In 1996, Mike Huckabee decided to pursue the Senate seat being vacated by Democratic David Pryor. Huckabee was leading in the polls when Governor Jim Guy Tucker was convicted of felony fraud charges stemming from the national Whitewater investigation.
Since Arkansas law prohibited convicted felons from serving as governor, Tucker announced his intention to resign.
Huckabee decided to give up his bid for the U.S. Senate and was set for his swearing in ceremony as Arkansas's forty-fourth governor on July 15, 1996. Only moments before Huckabee was to take the oath of office, Tucker called the lieutenant governor and rescinded his resignation on the grounds that his appeals had not been completed and that new evidence had arisen.
This presented the state with a looming constitutional crisis for several hours until Tucker decided to reinstate his resignation after Huckabee threatened to call lawmakers for an emergency legislative session to consider Tucker’s impeachment.
Without the credible threat of impeachment, this goes nowhere.
Tucker could have made his case in impeachment hearings.
I agree he got railroaded, but, it ain't no coup.
from the NYT 7-16-96
Huckabee comes off even better in the NYT article than he does in his book.
Within hours of his May 28 conviction for fraud and conspiracy in a Whitewater-related case, Mr. Tucker had announced that he would resign not later than today and devote full time to pursuing his appeal. Hundreds of state legislators, staff members and observers gathered in the chamber of the Arkansas House of Representatives today, anticipating the scheduled 3 P.M. swearing-in of Mr. Huckabee.
But then a legislative staff member read a letter in which Mr. Tucker rescinded his resignation, saying he was instead taking a leave of absence while his lawyers argued for a quick reversal of his conviction. Mr. Tucker said the Arkansas Constitution provided that he could leave office temporarily, assigning all executive powers to Mr. Huckabee on only an interim basis.
The announcement stunned the gathering. The Arkansas Capitol was enveloped by barely contained confusion and undisguised bipartisan outrage. On the floor and in the corridors, there were immediate discussions of taking legal action to remove Mr. Tucker.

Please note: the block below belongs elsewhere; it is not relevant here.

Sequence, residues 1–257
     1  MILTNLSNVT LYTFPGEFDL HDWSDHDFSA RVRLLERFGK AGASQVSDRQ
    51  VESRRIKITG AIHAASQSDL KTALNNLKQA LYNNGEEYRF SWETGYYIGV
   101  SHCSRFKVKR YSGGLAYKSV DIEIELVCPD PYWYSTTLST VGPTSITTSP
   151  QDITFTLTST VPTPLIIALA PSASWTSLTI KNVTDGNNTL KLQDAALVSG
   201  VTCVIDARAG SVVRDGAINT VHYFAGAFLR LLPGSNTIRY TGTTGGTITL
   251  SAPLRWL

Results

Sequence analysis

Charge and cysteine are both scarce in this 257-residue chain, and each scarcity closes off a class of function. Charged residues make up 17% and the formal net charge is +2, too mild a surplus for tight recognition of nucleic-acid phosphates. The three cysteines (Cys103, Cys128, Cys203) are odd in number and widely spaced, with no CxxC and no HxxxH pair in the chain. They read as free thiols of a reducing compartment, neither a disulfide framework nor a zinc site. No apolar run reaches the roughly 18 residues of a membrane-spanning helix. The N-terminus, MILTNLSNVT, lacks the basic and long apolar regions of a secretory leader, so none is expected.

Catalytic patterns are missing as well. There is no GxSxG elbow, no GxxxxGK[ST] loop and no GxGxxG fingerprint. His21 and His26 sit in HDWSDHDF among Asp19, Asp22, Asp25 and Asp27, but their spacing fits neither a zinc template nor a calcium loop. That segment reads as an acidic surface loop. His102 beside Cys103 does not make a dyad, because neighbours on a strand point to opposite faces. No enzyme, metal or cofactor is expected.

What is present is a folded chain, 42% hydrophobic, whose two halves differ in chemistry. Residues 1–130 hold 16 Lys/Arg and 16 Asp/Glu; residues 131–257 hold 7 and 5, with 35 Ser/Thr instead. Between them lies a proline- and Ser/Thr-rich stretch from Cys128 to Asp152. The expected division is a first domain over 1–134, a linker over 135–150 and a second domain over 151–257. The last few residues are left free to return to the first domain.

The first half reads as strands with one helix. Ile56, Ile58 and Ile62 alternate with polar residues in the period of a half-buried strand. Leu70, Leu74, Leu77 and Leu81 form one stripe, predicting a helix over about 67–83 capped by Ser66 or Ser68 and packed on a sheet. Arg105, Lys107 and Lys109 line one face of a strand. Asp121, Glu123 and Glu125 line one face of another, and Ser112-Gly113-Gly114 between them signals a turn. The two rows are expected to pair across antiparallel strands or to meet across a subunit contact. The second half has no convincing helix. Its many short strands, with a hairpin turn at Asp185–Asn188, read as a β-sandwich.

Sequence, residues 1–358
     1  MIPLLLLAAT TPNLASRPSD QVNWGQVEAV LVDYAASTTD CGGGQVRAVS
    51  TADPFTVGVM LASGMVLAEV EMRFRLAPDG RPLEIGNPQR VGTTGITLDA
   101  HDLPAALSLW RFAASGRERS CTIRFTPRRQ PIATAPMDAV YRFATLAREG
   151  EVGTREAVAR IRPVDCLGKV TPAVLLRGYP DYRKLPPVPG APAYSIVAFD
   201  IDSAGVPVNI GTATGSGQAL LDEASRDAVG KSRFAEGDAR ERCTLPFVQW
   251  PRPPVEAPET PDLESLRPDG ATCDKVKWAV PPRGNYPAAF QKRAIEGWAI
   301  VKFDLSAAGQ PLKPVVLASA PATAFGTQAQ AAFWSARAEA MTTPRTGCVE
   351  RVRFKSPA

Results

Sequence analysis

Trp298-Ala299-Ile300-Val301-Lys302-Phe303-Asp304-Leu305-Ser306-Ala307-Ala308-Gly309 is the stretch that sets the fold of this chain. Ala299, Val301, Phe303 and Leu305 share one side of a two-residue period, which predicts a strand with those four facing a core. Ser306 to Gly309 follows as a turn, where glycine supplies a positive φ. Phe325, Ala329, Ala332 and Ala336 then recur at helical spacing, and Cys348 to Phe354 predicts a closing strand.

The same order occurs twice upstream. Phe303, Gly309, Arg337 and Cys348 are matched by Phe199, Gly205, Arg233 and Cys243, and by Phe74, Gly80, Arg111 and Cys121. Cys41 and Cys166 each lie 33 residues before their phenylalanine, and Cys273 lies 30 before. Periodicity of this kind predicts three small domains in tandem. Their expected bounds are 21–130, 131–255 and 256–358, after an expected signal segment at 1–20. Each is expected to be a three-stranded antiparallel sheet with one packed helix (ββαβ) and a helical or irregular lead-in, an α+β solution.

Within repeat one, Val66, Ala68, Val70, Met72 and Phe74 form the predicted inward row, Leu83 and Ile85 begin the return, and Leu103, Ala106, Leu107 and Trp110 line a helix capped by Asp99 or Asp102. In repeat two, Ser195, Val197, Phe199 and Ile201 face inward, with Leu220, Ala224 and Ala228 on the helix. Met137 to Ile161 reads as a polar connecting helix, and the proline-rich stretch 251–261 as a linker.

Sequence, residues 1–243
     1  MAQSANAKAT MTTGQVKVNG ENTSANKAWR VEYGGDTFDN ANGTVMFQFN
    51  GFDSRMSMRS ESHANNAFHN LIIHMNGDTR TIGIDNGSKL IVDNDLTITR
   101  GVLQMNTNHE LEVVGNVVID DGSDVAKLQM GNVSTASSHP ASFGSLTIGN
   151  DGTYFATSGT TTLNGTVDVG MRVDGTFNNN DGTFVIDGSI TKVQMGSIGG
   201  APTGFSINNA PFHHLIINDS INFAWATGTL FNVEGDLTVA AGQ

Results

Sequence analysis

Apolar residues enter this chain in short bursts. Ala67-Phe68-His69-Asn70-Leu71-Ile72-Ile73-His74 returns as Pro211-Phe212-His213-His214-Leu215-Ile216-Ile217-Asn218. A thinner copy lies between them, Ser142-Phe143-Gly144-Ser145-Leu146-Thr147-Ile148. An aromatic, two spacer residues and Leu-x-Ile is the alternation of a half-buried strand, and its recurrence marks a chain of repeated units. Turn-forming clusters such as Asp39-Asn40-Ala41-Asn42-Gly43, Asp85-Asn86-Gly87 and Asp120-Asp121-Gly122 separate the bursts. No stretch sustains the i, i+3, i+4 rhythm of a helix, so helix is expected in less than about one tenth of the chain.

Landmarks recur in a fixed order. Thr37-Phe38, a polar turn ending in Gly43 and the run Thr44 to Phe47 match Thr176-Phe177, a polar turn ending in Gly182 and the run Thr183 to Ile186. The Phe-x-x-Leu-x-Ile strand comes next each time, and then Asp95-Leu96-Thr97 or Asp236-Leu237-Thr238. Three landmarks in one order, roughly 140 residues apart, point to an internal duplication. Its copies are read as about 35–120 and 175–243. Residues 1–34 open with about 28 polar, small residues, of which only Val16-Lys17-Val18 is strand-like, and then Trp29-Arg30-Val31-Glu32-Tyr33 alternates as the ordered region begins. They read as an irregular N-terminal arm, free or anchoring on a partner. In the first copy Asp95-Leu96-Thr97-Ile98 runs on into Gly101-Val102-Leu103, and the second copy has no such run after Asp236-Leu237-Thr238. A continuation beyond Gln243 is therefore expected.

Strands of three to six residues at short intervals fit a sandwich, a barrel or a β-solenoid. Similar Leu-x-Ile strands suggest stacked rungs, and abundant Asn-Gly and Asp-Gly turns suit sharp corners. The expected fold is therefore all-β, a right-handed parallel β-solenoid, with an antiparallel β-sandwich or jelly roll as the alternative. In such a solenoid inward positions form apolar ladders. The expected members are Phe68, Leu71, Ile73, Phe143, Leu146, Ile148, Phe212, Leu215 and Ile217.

In brief remarks, Mr. Huckabee, who had withdrawn from a race for the United States Senate in order to succeed the Governor, called this "a very critical moment for Arkansas."
"It demands that our only response be calm and courage," he said.
Appearing before reporters at almost the same moment, in the Governor's conference room one floor below, Mr. Tucker said: "I know there are people who will say, 'You ought to get this over with and not allow it to go on any longer.' But I don't think that's in the best interest of the people of Arkansas."
Several protesters hurled insults at Mr. Tucker as he and his wife made their way to a waiting car and an undisclosed destination, leaving Mr. Huckabee in the role of only Acting Governor.
Three hours later, Mr. Huckabee announced that in that role, and with the cooperation of the Democratic leaders of the General Assembly, Arkansas's legislature, he would call the lawmakers into session to begin impeachment proceedings against Mr. Tucker if he did not resign by 10 A.M. on Tuesday.
In the meantime, the state's Attorney General, Winston Bryant, a Democrat now running for the United States Senate, had filed a petition in a state court to remove Mr. Tucker on the basis of his criminal convictions. The petition cited a number of grounds, among them a state constitutional provision that bars anyone "convicted of embezzlement of public money" from holding office.
In response, Mr. Tucker sent a letter to the Arkansas Secretary of State, Sharon Priest, renouncing any intention of leaving even temporarily. But within minutes, Ms. Priest received a second letter from Mr. Tucker, announcing simply that his resignation was effective at 7 P.M.
the key graf above describes Huckabee thinking about it for 3 hours and then announcing that in his role as Acting Governor he would work with a Democratic Congress to seek his impeachment.
In light of that threat, Tucker resigned. It's worth noting that the he soon publicly apologized to Huckabee and Arkansas, Mike graciously accepted, publicly.
A little research would have resolved this.
I find the most recent posts fascinating. But I still see no discussion of why the police were called out. Was Chafets simply making that up?
There's information here (search that page for the word 'troopers') about the presence of state troopers at the state capitol, and what looks to be a pro-huckabee video (a couple of screen pages up from the word 'troopers' on that page) of his conversation on that day with tucker. It would seem that a large pro-huckabee crowd had assembled at the capitol, and upon hearing that tucker wasn't going to resign, became agitated. The troopers, about "thirty or forty" were there because of that.Post a Comment
Watching the video (about 2 minutes 30 seconds in), it looks as though tucker had filed a motion in his case and he thought his jury verdict would be set aside in two weeks, and decided that rather than resign, he would just transfer responsibility to huckabee during that time to wait and see what the courts would decide. Huckabee then took office.